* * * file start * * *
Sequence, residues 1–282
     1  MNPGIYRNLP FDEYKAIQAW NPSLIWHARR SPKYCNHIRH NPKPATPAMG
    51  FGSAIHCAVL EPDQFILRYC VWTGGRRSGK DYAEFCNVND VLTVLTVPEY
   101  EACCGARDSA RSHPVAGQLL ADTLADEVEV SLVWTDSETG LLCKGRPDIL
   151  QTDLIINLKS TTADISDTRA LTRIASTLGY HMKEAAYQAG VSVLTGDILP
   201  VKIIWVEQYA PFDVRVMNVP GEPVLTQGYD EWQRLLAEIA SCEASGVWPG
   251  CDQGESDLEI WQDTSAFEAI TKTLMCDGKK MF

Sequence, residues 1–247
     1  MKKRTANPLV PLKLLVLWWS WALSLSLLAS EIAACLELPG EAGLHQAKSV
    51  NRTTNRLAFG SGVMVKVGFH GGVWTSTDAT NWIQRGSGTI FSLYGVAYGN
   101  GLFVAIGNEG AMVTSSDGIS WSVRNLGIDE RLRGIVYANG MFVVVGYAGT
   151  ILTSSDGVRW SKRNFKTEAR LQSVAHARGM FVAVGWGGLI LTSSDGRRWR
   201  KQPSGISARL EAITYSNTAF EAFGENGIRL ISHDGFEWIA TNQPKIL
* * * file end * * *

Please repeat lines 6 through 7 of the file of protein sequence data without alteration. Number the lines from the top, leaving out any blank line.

   201  VKIIWVEQYA PFDVRVMNVP GEPVLTQGYD EWQRLLAEIA SCEASGVWPG
   251  CDQGESDLEI WQDTSAFEAI TKTLMCDGKK MF